So I was thinking today about an argument I've been reading about in The Name of the Rose, about the nature of laughter. There is a character who believes that laughter is the tool of the devil, because humor is dismissive of the beauty of God's world, and because mocking the devil trivializes him, which gives him power.
At some point today, I was associating this very, very important, almost life-or-death argument with something I heard on NPR. I wish I could remember what it was exactly. But I was thinking about the vital-seeming nature of the question, and the ambiguity of the arguments within the context of the times. Meaning how real these problems seemed then, and how frightening the implications, given the way spirituality worked at the time. The possibility of pleasing or angering God through laughter mattered.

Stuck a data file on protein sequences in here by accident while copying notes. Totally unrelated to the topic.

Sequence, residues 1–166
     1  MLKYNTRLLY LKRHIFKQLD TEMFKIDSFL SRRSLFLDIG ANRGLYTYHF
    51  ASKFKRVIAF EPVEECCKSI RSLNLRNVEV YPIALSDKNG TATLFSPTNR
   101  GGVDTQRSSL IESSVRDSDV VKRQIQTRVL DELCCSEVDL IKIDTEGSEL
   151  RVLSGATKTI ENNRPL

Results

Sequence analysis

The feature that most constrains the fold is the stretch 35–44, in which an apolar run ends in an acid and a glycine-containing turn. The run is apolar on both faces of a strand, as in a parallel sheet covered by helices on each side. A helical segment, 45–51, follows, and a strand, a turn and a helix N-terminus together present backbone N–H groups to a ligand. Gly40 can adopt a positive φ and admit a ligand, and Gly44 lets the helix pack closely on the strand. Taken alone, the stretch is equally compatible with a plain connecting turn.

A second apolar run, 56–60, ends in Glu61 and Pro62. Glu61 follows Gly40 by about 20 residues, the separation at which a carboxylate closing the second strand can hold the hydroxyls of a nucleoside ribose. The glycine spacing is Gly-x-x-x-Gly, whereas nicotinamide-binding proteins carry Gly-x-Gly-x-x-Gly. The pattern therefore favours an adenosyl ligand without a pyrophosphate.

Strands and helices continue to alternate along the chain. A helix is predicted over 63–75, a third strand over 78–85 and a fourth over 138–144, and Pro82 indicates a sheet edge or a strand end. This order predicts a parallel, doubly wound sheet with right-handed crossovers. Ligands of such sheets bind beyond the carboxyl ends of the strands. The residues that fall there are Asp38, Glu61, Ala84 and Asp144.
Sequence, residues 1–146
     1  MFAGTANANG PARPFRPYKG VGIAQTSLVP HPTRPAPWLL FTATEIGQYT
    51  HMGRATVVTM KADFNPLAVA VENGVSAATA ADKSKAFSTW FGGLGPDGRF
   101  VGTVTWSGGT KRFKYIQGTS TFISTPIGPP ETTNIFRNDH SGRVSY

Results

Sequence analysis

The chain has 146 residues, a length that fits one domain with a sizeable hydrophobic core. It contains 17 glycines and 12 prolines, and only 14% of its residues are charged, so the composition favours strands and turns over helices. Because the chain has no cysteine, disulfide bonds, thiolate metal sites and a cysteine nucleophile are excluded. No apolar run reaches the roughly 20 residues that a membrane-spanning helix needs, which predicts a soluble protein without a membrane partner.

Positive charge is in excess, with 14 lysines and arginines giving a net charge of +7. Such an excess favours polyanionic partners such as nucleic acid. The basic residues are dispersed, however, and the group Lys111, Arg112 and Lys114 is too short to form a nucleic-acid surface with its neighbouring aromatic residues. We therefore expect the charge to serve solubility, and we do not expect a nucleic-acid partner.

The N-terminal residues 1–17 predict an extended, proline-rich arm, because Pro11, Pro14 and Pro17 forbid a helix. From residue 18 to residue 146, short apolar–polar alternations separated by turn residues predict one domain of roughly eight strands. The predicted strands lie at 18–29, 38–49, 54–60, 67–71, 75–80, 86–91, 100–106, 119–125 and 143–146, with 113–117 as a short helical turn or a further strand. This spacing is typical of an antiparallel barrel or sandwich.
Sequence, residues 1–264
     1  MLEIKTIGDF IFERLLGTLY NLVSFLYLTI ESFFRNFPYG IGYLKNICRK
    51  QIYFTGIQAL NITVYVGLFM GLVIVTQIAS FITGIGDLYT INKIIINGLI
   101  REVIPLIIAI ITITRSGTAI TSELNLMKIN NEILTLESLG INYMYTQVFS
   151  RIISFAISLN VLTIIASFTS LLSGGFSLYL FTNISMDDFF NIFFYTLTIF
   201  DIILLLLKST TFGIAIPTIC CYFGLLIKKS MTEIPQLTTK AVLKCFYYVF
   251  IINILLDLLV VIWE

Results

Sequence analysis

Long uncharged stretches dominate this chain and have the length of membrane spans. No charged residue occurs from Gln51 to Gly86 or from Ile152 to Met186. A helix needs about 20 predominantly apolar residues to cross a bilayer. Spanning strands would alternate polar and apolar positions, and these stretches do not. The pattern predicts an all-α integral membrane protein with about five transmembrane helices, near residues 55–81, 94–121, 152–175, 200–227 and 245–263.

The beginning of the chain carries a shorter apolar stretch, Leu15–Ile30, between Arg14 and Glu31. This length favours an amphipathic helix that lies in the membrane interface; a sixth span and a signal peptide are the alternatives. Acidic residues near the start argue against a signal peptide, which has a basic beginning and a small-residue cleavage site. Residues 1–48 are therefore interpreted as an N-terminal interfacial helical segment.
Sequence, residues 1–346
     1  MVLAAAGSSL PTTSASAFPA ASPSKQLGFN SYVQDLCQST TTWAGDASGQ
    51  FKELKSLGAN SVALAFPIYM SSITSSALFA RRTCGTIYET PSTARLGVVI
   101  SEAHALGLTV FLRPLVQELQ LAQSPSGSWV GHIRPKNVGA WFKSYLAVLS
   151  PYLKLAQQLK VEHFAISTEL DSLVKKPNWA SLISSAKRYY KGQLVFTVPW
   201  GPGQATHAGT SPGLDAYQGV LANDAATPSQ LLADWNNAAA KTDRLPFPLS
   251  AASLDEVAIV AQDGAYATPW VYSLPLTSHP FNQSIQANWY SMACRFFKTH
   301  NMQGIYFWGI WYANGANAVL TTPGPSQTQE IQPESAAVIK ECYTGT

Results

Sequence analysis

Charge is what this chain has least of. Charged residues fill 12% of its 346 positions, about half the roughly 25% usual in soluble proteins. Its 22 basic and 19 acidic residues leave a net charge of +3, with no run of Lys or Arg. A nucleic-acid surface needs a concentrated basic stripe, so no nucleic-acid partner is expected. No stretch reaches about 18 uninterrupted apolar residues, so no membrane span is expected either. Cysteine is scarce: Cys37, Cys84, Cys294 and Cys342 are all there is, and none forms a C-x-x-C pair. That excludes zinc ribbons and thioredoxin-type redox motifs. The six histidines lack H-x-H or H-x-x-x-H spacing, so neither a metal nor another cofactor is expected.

The NPR piece was, I think, about environmentalism. Specifically, I think, it was about whether higher gas prices would actually be BAD for the environment, because it would encourage the use of even-worse-for-the-environment alternative fuels. (Ever heard of liquid coal? Doesn't sound good for Mother Earth, does it?)
Not really related at all, right? But what I was feeling, very strongly, was that this is a truly important question to which it's almost impossible to find an answer right now. But in the future, someday, (a thousand years from now, if we're still around), every schoolchild will know the answer to this question; no one will have arguments about it. No one will even ask themselves this question anymore.
This made a lot more sense this afternoon. My hands are cold, and I'm kind of tired and distracted.